Letters to the Editor

Racist cartoon

I would like to thank Metro Times for pointing out the racist cartoon (“Not so funny,” Metro Times, Aug. 24), as it was racist, contrary to one of your readers, Fred Nielsen, who responded. I would not expect most residents in Michigan (being that we are the most racially segregated state in the U.S.) to agree or even acknowledge when forms of racism occur. —Matilda Erkkila, Harrison Township


Write stuff

There’s a lot of truth to Wayne Melton’s piece on Detroit artists living and working in L.A. (“To live and work in L.A.,” Metro Times, Aug. 31). When I travel, especially to the coasts, I’m always amazed at how bad so much of the art is compared to Detroit. I would disagree with the thought attributed to Lucy Bates, however, that what Detroit needs is more writers. There are plenty hanging around— check the Metro Times’ masthead! There aren’t enough places to publish. And with the changes afoot at the two dailies, the situation doesn’t look to improve anytime soon. —Vince Carducci, Royal Oak

Editor’s note: Vince Carducci is an MT freelancer.


Color of meat

One positive thing that this “writer” did was put some compelling quotes showing that “violence is violence,” that what humans do to other animals, they do to themselves (“Of barbecues & lynchings,” Metro Times, Sept. 7). Otherwise, he should have just described the campaign and kept his racist opinions to himself. This is a good example of not seeing the forest through the trees, but that’s what happens when someone is blinded by racism and fear.

So Mr. Owens doesn’t want his burgers, steaks, etc. taken away? Would you kill a cow for your burgers? Or do you just let “whitey” do it for you? Did you know that most of the animal foods are owned by a bunch of fat, wealthy corporate “fat cats.” Are any of those people black? When you start to show the symptoms of disease from your carnivorous diet, what color will the doctor be? Will the drugs that you take come from black people?

And yes, this writer was concerned that PETA only picks on black-owned circuses. Why don’t you look on their Web site and research, yes research, their circus campaigns.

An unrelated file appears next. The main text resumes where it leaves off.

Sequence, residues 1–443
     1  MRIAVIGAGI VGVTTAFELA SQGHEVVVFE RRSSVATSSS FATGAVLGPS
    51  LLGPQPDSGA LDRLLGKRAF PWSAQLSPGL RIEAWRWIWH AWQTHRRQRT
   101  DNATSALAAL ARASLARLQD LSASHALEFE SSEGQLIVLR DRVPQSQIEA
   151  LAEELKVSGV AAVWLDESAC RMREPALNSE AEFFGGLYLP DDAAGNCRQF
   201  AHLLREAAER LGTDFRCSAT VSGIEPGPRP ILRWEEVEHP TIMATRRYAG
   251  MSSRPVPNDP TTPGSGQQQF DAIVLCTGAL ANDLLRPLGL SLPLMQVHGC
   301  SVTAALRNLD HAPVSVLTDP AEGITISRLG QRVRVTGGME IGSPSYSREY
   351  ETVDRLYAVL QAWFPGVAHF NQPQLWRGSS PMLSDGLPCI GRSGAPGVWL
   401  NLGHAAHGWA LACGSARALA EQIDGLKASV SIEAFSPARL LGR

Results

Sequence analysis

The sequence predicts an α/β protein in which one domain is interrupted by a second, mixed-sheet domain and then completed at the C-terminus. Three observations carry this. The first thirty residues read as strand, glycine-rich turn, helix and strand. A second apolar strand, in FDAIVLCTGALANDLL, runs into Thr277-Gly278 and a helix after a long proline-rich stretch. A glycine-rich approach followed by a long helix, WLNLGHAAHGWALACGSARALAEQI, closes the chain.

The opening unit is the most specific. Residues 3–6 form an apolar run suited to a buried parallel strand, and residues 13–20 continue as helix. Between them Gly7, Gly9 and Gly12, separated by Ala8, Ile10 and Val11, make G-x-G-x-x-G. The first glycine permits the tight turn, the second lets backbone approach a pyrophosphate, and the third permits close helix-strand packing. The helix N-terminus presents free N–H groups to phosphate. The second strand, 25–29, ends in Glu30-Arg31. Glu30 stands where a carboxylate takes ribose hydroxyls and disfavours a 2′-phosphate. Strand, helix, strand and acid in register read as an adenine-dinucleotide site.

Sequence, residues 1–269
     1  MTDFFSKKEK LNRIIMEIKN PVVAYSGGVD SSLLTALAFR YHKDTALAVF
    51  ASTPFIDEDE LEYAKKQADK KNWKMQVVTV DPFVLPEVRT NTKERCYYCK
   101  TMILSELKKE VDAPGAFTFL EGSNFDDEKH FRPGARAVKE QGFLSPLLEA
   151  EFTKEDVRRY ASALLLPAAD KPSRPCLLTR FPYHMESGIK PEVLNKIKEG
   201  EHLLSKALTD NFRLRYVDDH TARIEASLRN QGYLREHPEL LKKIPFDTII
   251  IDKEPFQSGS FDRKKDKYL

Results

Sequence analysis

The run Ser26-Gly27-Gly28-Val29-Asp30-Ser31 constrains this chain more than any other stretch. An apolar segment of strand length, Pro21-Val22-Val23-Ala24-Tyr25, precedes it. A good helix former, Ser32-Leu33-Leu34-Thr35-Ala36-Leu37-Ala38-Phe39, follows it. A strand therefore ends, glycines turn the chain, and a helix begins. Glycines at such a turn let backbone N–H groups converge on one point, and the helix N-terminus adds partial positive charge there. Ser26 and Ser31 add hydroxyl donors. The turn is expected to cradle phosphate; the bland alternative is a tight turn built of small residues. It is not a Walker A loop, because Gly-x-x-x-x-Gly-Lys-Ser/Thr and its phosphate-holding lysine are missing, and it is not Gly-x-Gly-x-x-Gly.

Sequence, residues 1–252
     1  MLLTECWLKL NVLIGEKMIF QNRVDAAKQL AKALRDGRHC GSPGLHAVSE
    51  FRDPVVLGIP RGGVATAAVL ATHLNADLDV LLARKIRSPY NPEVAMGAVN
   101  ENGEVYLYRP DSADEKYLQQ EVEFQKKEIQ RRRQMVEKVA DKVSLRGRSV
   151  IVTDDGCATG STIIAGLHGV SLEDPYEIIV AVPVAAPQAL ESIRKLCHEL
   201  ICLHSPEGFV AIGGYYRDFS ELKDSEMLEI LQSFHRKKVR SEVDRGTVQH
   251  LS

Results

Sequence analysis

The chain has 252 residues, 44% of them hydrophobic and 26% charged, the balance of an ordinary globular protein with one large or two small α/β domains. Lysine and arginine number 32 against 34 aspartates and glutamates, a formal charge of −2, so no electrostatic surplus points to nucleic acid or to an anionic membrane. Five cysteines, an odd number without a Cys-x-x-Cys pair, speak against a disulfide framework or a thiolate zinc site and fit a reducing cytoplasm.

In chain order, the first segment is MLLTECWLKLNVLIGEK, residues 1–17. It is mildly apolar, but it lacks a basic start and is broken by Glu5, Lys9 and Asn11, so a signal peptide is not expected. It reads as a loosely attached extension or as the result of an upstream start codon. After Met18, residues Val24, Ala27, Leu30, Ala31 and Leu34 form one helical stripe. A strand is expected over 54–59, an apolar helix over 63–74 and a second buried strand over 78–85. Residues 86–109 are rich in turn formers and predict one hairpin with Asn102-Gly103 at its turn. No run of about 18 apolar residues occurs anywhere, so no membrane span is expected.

This writer, and the paper for letting this article be published, just illustrated that racism is racism, regardless of the color of one’s skin or background. —Mark Crimaudo, Candler, N.C.


Love and meat

Love is such a loosely defined word but gets a lot of mileage among the delusional. “Owning” a pet hardly constitutes “loving animals.” Wealthy Southern plantation owners in my home state of Mississippi routinely reported that they “loved” their slaves and that their slaves “loved” them. All nonsense, of course.

People who care for a dog or cat they’ve rescued from the pound but who also eat meat and dairy products can only reasonably claim to “love” their dog or cat, but not to “love animals.” To love animals one must acknowledge the savage suffering of animals factory-farmed and brutally de-beaked, docked, castrated, caged, beaten, starved, electrocuted and raped in order to perpetuate the billion-dollar meat/dairy, entertainment and clothing industries. One must further decline to participate in activities that provide financial support directly or indirectly to such industries, such as eating meat/dairy products, attending circuses and rodeos and purchasing fur or leather.

And finally, a person who loves animals must support and engage in activities that educate the public as to the cruelty and horrors of the above-mentioned atrocities. “Love” requires respect and sacrifice. PETA demonstrates that fact perfectly. Critics with their mouths full of barbecue just have no credibility on this issue. —Mary Jo Brooks, Ridgeland, Miss.


PETA pride

Keith Owens’ article, “Of barbecue and lynchings” is about PETA’s latest exhibit comparing past atrocities to humans to similar current atrocities to animals. The ads are meant to get people to realize their oppressive mind-sets. In our history, as we fought for the rights and welfare for each group of people (women, blacks, etc.), the general population was upset at those claiming these groups had any rights just as Mr. Owens is upset now at the thought of comparing all animal species. In suffering, all species are the same. The point of the ads is to get people to open their eyes to the way we treat humans and other species. For poor circus elephants, for instance, the slave trade still exists. Elephants are ripped away from their families and way of life in Africa and Asia. They are forced into constant confinement as they travel from town to town in severe weather extremes. They are trained by beatings and sharp bull hooks. 

Dick Gregory, longtime social activist, supports PETA’s campaign. I am reminded that Gandhi once said, “The greatness of a nation and its moral progress can be judged by the way its animals are treated.” See the display for yourself at www.peta.org/AnimalLiberation.— William McMullin, Mt. Morris


Baxter fan

Regarding Cole Haddon’s “The Great Creative Writing Swindle” (Metro Times, Aug. 31, 2005): Having taken a writing class with Charles Baxter when he taught at Wayne State University in the late 1970s, I now realize that he was one of the best teachers I’ve ever had. You may give James Joyce a run for the money in the future, but first you need to know how to write. Baxter ably taught basic writing skills applicable to the larger world of communication. Be direct, get to the point and cut the crap. —James Dantzer, Grosse Pointe Park